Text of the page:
2000 Opinion Poll #1

  Poll No.1  
Public Opinion Poll 1:  Priorities under a Palestinian State: Integrity & Objectivity 31 August – 2 September 2000
Date of release: September 7, 2000
Date of field research: August 31 – September 2, 2000
Sample size: 1256
Number of sample locations: 70 in the West Bank & Gaza Strip
Margin of error: +(-) 3%
Introduction: Birzeit University – Development Studies Programme (DSP) has been following up on the latest social, economic, and political changes surrounding the establishment of the Palestinian Authority and the transition toward a Palestinian State. The DSP views development and does research from a holistic point of view. DSP is responsible for the production of the Palestinian Human Development Report and other studies that feed into policy making. The researchers at DSP feel the need to develop the status of survey research and public opinion polling from a conceptual, as well as a methodological, point of view. The social, economic, and political changes accompanying such research calls for a more responsive polling. Surveys must address the new realities and needs of a young society and a potential state. Issues such as institution – building, economic and social policies, political system, democracy, and civil society gain extra importance. An analysis of the results must provide decision – makers at all levels with information that will help them in improving their abilities to serve Palestinian society. The following is a brief analysis of the survey results. The DSP is in the process of putting together a full analysis of the results. For extra copies of the poll or further information please visit our website (www.birzeit.edu/dsp).
*For inquiries or questions, please contact, Dr. Nader Said, DSP Director, or Ayman Abdelmajid, field research coordinator.

The full text of the methodology is available at DSP and will be later displayed on its web page.
Sample selection:
In this study, the selected sample is self-weighted. The probability of selecting any locality or household or individual was proportionate to population size, type of locality, gender, and age. 1256 Palestinians were interviewed in 70 localities (cities, villages, and refugee camps) in the West Bank (including Jerusalem) and Gaza Strip. A multi – stage selection process was carried our to insure representation and randomness. A Kish table was used in selecting individuals inside the households.
Field research:
A number of measures were taken to insure confidentiality and to eliminate possible fears among respondents. 70 highly trained researchers conducted the interviews. Each team was comprised of a male and a female researcher. All of the researchers went through a one-day training workshop that focused on the current survey. The questionnaire was designed after intensive consultation with experts in survey research, and after a pre-test was conducted.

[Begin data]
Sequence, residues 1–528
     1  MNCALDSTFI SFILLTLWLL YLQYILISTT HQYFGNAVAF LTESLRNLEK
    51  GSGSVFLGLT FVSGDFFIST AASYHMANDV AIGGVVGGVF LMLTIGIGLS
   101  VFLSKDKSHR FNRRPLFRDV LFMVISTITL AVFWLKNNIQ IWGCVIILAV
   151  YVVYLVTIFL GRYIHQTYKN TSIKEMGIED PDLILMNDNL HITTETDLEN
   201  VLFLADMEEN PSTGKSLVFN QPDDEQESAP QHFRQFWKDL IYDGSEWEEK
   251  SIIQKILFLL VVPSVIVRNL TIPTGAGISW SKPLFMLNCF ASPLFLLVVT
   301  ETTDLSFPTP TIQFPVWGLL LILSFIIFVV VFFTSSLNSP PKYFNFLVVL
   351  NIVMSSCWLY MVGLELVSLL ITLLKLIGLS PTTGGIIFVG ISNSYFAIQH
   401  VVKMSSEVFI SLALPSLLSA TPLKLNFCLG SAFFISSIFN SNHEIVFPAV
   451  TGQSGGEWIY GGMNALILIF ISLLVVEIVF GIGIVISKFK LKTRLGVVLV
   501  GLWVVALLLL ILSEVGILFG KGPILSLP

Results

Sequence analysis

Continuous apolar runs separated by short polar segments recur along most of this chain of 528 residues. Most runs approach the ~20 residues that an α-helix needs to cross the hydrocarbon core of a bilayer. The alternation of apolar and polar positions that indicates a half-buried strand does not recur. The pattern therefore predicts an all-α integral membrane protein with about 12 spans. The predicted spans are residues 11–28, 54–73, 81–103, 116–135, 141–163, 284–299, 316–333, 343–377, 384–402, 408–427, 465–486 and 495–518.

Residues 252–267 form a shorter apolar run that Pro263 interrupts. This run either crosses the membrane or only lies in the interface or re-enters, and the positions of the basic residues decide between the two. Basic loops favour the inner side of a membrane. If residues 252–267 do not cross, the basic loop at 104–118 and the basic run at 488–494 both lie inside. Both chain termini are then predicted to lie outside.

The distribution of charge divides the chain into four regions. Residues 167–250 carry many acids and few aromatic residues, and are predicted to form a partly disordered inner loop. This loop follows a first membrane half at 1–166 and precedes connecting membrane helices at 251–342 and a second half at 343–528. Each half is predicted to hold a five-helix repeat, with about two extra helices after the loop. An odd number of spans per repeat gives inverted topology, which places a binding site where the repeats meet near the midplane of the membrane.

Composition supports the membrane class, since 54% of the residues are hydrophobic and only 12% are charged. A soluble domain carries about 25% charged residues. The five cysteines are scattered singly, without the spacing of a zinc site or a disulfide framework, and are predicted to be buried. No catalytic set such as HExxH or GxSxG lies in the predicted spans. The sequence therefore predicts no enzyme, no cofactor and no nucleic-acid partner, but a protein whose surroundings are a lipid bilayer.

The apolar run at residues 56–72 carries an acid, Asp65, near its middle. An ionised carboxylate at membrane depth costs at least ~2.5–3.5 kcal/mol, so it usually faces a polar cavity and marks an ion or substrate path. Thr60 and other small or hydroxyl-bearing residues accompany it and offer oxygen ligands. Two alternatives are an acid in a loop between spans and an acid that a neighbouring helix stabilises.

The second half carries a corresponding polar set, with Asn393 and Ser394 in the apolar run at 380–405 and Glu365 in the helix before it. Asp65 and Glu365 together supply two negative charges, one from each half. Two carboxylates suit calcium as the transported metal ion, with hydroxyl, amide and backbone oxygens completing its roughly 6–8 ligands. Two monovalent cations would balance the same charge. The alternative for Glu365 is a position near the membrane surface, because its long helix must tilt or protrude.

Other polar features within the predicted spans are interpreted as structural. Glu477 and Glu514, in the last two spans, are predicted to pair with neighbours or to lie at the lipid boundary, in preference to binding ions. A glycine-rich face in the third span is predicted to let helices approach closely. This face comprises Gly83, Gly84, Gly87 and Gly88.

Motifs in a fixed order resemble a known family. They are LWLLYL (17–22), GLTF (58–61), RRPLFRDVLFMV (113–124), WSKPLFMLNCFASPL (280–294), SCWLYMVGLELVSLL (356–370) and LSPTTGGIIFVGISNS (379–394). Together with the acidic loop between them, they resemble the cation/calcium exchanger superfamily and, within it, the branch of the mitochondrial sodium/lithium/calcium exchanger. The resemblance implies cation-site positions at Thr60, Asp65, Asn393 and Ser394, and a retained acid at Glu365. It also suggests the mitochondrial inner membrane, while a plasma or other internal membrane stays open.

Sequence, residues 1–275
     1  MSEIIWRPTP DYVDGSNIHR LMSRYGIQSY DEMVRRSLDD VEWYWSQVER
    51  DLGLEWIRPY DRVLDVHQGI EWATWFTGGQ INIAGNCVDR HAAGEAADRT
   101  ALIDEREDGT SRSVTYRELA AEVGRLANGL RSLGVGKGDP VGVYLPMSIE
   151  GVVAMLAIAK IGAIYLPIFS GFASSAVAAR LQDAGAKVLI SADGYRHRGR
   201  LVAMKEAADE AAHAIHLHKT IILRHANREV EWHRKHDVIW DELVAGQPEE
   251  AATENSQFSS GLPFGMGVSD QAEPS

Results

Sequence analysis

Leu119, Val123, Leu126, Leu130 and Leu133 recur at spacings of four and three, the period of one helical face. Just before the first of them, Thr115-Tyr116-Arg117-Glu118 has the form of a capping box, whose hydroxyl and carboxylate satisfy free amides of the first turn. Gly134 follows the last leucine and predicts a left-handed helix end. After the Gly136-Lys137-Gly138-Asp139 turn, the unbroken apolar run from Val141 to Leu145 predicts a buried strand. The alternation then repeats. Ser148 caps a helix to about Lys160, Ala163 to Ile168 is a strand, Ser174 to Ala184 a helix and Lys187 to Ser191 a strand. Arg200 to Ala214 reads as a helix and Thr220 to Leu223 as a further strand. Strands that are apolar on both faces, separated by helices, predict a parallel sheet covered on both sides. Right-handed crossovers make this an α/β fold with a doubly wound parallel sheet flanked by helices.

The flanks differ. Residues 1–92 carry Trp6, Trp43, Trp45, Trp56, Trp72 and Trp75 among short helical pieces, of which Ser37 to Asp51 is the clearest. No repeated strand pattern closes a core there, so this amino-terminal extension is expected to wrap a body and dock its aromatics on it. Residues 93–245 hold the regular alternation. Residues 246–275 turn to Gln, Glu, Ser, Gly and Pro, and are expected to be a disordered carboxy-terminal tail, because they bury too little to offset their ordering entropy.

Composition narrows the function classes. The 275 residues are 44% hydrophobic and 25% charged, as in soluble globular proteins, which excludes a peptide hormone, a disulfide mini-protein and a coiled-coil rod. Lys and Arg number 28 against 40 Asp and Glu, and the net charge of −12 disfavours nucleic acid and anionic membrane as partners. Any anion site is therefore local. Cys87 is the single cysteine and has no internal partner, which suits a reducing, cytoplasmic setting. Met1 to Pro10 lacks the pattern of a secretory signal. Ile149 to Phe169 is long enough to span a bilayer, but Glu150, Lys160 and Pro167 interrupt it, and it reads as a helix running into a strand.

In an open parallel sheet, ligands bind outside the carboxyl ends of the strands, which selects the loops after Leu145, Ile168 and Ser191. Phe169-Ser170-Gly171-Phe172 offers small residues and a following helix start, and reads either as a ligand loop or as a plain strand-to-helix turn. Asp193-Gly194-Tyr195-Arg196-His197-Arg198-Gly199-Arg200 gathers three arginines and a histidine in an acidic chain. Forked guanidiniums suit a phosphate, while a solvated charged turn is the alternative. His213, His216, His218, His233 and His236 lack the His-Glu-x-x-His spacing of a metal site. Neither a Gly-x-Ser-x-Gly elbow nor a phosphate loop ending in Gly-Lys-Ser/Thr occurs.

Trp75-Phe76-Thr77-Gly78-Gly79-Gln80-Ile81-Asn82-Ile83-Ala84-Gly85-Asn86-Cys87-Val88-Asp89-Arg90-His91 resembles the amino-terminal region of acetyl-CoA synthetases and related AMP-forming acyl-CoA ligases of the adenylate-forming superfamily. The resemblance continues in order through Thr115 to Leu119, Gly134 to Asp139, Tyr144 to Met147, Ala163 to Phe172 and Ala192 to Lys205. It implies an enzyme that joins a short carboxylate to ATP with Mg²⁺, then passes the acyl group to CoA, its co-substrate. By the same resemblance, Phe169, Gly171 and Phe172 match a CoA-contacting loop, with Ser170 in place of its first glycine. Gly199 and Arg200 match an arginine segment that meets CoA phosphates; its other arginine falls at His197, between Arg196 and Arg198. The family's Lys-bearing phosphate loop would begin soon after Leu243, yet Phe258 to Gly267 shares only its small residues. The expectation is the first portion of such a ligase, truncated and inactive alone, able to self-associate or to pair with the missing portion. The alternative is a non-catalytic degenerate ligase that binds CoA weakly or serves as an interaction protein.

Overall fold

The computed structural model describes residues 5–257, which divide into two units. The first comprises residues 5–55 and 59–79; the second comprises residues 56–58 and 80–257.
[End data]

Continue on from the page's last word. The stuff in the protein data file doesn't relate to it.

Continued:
Main Results: Out of 15 governmental and non-governmental institutions listed in our survey, Palestinians said that universities were overwhelmingly the most trust-worthy.
NGOs ranked #4, immediately following the “Police”, while the PNA Ministries ranked # 10. Palestinians trusted Palestinian opposition groups and political groups the least.
42.9% said that their economic standard of living has worsened since the establishment of the PNA. In Gaza, over 50% felt that their economic conditions have worsened.
46.4% felt that they were unable to pay for their children’s education; and 44.3% felt unable to pay for proper health care services. 40% said that the level of “free expression” is similar to those in Arab countries; 26.3% said that it was worse.
70% said that the role the United Sates plays in making important decisions for Palestinians was “significant”. 63% felt that Israel played a significant role in the decision making process of the Palestinians. 42.6% felt that the role of the PNA was significant. 52.3% support the declaration of a Palestinian State on September 13, 2000. 74% assess the role that the United States has played in the negotiations thus far as “biased towards Israel.”
43% negatively view the transition of power in Syria; 46.5% view the current regime there as “undemocratic, while only 16% view it as ‘democratic”. 32.4% view the Palestinian political system as “undemocratic”; 21.7% view it as “democratic,” and 39.8% view it as ‘somewhat democratic.” 37.6% expect that a future Palestinian political system will be “similar” to those in the rest of the Arab World; 33.5% expect a “better” system, while 8.2% expect a “worse” system. 63% feel safe concerning themselves, their families, and property. The most important goal to be achieved under a Palestinian State is that of “equality before the law.” The most important attribute of a future president of Palestine is the “ability to face up to Israel.” The least important attributes were: military – security experience, history in the struggle, and belonging to an Islamic political party.
38.4% would accept a “qualified” woman as a president of a future state; 50% disagreed 44.1% said they do not support any of the existing political parties, and 38.5% would elect Yassir Arafat as a president given an election today.
* The opinions expressed in the results are those of the respondents and do not reflect the views of Birzeit University or any of its departments and employees.

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Editorial Board - CDS Birzeit, Palestine

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